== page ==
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PATHWAY OF THE POET AS BEST-SELLING PURVEYOR OF MANLY VALOR:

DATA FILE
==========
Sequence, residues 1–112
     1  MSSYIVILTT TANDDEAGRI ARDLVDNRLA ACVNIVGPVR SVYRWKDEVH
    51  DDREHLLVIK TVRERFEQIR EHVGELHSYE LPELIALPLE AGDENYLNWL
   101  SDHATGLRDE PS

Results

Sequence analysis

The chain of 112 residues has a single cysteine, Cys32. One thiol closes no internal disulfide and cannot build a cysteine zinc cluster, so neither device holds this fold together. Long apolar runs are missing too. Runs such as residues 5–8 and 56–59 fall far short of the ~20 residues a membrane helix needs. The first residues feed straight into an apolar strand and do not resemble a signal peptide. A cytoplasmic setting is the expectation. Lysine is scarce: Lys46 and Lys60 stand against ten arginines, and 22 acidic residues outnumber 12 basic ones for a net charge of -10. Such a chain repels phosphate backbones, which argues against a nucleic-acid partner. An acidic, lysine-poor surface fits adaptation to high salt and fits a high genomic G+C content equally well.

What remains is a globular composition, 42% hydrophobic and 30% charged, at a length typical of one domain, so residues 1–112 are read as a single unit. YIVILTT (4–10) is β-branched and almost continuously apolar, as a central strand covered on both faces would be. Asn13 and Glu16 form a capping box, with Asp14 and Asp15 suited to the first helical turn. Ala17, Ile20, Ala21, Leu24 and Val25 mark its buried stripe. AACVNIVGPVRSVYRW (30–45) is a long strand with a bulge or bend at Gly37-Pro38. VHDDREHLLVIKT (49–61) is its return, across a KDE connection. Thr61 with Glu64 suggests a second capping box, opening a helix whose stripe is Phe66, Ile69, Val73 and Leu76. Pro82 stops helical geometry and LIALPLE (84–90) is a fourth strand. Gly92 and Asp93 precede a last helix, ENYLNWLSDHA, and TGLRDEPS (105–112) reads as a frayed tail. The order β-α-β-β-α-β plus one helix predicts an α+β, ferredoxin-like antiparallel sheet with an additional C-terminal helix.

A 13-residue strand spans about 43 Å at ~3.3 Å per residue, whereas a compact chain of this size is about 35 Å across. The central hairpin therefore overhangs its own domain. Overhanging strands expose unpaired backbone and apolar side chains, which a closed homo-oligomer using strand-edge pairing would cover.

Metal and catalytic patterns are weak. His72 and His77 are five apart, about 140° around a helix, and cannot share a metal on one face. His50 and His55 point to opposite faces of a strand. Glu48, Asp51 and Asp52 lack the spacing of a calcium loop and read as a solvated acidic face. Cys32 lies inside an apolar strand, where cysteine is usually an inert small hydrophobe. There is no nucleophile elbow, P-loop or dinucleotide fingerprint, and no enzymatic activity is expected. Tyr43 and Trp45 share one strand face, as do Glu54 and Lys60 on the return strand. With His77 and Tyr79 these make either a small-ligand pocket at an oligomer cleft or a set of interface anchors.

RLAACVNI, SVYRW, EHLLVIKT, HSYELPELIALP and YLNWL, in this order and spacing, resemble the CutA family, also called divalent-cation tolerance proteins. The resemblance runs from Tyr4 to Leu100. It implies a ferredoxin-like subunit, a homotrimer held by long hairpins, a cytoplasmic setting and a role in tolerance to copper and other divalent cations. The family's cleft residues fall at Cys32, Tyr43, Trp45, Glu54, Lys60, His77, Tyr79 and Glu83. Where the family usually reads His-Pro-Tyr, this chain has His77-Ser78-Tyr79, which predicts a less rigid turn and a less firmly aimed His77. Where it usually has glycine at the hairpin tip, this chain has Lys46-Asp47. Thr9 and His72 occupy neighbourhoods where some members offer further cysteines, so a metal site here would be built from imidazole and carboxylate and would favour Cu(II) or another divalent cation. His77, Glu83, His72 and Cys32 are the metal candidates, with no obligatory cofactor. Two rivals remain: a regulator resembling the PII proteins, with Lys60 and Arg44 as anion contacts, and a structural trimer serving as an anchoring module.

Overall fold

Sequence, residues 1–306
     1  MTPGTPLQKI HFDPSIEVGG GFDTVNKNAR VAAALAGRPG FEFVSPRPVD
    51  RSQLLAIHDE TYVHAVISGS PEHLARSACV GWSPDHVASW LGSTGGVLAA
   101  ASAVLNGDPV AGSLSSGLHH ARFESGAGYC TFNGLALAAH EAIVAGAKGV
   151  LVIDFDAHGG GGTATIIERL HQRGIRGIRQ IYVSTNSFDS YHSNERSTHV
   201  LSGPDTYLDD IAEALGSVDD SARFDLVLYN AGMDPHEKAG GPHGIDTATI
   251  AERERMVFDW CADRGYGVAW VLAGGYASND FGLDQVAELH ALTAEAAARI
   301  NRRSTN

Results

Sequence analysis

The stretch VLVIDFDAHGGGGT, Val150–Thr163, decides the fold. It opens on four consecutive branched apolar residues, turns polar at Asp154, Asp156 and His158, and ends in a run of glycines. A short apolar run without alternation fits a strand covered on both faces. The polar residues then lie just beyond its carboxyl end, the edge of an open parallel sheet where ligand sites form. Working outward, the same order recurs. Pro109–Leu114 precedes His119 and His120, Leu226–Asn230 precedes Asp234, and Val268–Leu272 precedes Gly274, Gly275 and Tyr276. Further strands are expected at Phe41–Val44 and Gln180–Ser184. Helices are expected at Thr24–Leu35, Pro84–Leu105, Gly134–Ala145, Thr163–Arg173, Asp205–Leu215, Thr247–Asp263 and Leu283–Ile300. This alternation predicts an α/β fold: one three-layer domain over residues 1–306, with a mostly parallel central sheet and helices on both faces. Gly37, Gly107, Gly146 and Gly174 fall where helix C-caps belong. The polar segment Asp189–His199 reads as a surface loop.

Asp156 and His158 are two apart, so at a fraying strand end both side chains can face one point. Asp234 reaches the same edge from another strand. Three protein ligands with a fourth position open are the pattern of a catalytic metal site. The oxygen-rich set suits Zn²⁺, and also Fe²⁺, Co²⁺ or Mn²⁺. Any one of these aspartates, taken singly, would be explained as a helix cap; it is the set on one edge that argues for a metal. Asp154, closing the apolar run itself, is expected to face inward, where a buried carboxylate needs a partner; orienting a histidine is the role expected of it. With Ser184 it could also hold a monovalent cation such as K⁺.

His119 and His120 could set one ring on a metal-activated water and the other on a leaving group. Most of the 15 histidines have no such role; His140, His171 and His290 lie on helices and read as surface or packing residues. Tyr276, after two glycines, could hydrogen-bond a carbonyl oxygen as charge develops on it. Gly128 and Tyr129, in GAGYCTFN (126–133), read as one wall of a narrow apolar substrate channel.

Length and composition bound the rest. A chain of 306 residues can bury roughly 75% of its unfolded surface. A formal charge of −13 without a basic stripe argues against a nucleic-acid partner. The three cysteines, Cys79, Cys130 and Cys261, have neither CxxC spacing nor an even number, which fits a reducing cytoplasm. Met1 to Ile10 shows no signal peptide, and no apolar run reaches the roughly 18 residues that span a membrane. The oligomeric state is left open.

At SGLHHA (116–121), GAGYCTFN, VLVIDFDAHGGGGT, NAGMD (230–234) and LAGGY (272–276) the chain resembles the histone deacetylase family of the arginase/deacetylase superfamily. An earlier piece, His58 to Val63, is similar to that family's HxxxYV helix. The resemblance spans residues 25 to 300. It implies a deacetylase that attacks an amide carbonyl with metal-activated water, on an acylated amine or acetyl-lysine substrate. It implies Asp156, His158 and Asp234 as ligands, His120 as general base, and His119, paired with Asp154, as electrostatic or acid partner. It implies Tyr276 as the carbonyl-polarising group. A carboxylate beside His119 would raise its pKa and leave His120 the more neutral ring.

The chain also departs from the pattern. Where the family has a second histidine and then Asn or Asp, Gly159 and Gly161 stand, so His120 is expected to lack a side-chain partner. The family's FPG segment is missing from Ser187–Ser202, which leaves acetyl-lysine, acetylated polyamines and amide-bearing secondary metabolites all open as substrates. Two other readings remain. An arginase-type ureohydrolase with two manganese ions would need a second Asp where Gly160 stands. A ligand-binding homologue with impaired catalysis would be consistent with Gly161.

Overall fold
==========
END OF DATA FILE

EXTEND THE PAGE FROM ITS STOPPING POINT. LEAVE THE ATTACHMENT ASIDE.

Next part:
Storyline: The inveterate dime novelist puts his own thwarted dreams of glory into his heroic creations, feeding the fantasies of his fellow armchair warriors, with his plausible plotting and clean-cut paladins, in lieu of his own secret desire to be one of his imaginary characters